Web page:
Best payroll tax deduction status

While looking at my recent paycheck stub, I began to wonder what is the ideal filing status. For many years, I filed as “Single, claiming 0 deductions”. This would guarantee that I wouldn’t have to pay taxes come April 15. Granted, the IRS was using my money, interest free for the year, but, at the time, it only amounted to about $500/year. I checked with our payroll service and found that, if I changed to a “Married, with 2 deductions” I could take home an additional $25/week. That’s $1300/year! So here’s my question (finally): what would would be the best filing status for me and my wife (who earns more)? I want to be sure to pay the IRS the correct amount of money without risk of underpaying. I hope to go through my working life without writing a check made payable to the IRS.

BTW, I went to the IRS website, but found no useful info. I’d rather hear from a CPA-type on this.

I’m not a CPA but I have asked one. His answer was that the ideal deduction would leave you as near to Zero as possible when it came time to pay taxes. You’ll never be right on but the closer the better. That way the governement doesn’t get your money tax free and you don’t risk a whopper tax bill come tax time.

If you’re REALLY good about saving your money ($25/week can disappear quite easily into stupid stuff) then keeping as much as possible could be an option. That way you get to keep your money earning interest. The downside is this is risky and you WILL have a big tax bill come tax time. Also, if you go too far on this the IRS will hit you with penalties for withholding too much.

As our local tax professional, i recommend just enuf so that you are sure of geting a small efund, and not owing. However, i need to know a few things before I can give a better answer: how much of a refund did you get from 1999 ( ie this years refund from lst years taxes)? Are you both) earning about the same this year? Deductions- similar? And, finally, what did you claim last year- single & 0? Wife? See, if you got only a $500 refund, and info is the same, changing to M&2 would result in you OWING some $1000.

If your refund is about $500, then you “gave” the IRS some big $5 in interest you lost. big whoop. Personally, i feel a nice $500 comes in handy about then- pays off the last of the xmas bills.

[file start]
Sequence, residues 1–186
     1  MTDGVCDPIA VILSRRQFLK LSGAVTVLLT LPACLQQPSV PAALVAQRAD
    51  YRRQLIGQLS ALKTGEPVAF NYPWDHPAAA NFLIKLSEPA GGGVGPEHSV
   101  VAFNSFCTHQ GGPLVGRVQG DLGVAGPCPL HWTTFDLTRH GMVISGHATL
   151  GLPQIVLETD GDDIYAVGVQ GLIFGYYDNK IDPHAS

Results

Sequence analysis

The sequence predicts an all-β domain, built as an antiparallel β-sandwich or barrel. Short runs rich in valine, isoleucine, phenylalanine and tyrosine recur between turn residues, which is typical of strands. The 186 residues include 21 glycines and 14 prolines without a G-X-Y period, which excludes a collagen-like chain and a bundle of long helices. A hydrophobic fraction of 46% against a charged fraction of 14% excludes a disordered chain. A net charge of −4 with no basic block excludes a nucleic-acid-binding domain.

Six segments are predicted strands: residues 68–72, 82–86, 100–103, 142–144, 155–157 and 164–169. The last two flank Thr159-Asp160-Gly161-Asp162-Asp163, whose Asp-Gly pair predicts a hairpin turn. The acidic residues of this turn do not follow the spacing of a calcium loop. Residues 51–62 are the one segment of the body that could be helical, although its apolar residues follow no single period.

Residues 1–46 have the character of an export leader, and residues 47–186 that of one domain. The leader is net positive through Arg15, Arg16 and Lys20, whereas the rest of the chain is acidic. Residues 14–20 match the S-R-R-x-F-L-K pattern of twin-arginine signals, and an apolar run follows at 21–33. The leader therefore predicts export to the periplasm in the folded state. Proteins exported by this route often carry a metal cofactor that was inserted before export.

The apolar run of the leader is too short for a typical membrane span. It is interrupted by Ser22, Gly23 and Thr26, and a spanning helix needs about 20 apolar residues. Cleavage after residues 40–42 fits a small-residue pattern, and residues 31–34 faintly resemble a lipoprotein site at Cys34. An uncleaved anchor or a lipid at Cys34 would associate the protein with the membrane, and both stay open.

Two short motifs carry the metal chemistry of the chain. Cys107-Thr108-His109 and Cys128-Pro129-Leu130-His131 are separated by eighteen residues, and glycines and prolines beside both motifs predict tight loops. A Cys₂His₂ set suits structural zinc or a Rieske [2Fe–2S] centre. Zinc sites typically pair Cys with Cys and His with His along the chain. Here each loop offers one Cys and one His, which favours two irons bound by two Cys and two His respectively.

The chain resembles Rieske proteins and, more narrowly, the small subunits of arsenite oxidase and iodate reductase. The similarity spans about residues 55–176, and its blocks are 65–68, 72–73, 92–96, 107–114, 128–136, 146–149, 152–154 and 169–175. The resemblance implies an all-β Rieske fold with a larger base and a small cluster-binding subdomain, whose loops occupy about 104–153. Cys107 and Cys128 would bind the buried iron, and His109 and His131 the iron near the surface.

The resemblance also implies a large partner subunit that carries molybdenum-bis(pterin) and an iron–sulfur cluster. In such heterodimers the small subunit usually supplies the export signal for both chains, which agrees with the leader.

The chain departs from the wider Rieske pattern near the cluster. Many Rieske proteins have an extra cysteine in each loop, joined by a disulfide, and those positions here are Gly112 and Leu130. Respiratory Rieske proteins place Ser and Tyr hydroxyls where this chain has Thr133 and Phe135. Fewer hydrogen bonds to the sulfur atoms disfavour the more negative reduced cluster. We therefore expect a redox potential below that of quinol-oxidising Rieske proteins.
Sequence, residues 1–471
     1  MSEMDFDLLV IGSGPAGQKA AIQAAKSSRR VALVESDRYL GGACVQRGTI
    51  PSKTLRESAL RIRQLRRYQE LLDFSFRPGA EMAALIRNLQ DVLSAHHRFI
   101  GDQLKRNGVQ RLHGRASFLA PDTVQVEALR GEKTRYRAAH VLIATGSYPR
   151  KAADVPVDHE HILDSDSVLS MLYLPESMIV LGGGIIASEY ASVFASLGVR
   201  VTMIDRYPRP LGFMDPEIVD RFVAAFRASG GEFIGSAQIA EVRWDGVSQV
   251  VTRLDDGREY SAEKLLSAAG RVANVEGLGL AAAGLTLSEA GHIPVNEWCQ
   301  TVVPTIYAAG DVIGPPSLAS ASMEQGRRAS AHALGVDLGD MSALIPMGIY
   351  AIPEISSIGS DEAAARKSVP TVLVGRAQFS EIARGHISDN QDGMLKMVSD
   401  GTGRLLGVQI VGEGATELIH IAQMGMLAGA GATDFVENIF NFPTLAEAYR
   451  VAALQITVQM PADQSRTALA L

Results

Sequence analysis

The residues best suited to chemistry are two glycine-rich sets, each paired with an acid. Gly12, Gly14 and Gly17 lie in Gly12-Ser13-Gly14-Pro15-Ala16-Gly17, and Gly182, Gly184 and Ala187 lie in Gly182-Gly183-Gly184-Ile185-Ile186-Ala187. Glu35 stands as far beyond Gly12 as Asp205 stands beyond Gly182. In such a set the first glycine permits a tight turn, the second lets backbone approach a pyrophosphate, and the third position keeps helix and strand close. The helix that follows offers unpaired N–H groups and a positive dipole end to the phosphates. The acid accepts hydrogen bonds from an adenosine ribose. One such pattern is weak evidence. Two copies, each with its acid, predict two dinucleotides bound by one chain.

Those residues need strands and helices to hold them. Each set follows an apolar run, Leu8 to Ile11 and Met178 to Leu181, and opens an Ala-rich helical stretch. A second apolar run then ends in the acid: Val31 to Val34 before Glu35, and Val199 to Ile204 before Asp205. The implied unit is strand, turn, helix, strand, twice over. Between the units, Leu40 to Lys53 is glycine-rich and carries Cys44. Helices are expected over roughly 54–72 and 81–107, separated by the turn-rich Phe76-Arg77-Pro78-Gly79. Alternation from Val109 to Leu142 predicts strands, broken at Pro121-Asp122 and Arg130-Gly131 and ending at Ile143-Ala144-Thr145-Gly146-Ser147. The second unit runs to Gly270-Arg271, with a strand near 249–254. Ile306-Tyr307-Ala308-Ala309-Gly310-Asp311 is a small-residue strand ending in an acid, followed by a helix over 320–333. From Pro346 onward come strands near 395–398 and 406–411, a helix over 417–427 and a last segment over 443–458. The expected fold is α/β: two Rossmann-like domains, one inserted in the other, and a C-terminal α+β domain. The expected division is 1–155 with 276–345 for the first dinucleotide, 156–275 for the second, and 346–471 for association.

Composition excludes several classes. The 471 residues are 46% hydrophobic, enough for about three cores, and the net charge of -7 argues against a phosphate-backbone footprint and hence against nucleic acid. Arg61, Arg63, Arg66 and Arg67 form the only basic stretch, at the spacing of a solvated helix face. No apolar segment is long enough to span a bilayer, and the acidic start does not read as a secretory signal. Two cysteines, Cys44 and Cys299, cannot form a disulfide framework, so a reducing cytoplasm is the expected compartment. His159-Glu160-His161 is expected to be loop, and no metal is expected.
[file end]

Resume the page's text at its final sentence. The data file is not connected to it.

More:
But I will admit that those getting refunds in the multiple thousands are not doing the wisest thing.

What would be really useful is to know the formulas the payroll department uses to determine how much bucks they are going to withold for each deduction.

I assume they refer to some published tables or formulas of some sort. Why isn’t this stuff common knowledge?

It is, I forget the # of the Pub (I don’t do as much tax stuff now), but it is available, for free, at your local IRS office. If I remember, i’ll post the Pub #, and you can order by phone.

But it is sorta complicated, so…

The game, as noted by others, is to pay just slightly more than you owe, to get a refund but not a large one.

However, do be careful of the other side. If you have under-withheld, so that you owe a lot more than was withheld, there could be penalties. If your income level is reasonably stable, that’s probably not a problem. However, if your income level is increasing from last year, you might want to be sure that you have withheld this year AT LEAST as much as would have paid all your taxes last year.

In short, in this game, you’d rather have too much withheld and get it back (even if no-interest) than have too little withheld and pay penalties.

I had to pay the last three years (if not more) and never paid any penalties. I would think they’d have noticed if I had owed them penalties. AFAIK, as long as you pay before April 15 and did not take more withholding deductions than you were allowed, there’s no penalty. Maybe if you have big capital gains? Since I have no problem with paying about $500 one last time (it’s same total tax amount no matter how much is withheld), I prefer to keep my money, thank you very much.

Why wait for that extra money when you can use it throughout the previous year? The only reason I can think of is if you can’t force yourself to plan ahead to pay and tend to be a little irresponsible with your finances… ahem… No offense intended, but the reasons most people like refund checks seems silly to me. It’s not like it’s a gift. And if you have credit card bills from Christmas by the time you get your refund, you really should have taken the money from withholding and saved $25 a week (or whatever) for Christmas yourself rather than paying the interest.

Try following the instructions with the withholding form to decide how many exemptions to claim. That’s what the worksheet is for.

If I remember right, there are two ways to stay out of trouble for underwithholding. One is if your withholding covers some percentage ( I think 90%) of your tax bill, and the other is if the amount withheld is at least as much as last years total tax.